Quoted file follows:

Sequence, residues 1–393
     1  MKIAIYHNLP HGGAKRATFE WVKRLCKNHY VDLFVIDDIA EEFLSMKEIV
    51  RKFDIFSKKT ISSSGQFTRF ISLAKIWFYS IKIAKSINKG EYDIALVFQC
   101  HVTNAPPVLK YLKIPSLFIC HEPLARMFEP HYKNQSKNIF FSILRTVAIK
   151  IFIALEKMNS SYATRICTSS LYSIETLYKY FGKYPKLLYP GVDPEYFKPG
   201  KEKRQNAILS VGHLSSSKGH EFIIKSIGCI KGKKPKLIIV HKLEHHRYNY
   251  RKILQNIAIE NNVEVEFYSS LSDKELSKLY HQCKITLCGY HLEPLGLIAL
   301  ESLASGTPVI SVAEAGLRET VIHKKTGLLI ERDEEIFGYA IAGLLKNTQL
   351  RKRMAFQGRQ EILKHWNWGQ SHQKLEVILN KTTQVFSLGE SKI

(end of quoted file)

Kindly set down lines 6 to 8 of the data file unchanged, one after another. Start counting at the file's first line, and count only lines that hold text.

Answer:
   201  KEKRQNAILS VGHLSSSKGH EFIIKSIGCI KGKKPKLIIV HKLEHHRYNY
   251  RKILQNIAIE NNVEVEFYSS LSDKELSKLY HQCKITLCGY HLEPLGLIAL
   301  ESLASGTPVI SVAEAGLRET VIHKKTGLLI ERDEEIFGYA IAGLLKNTQL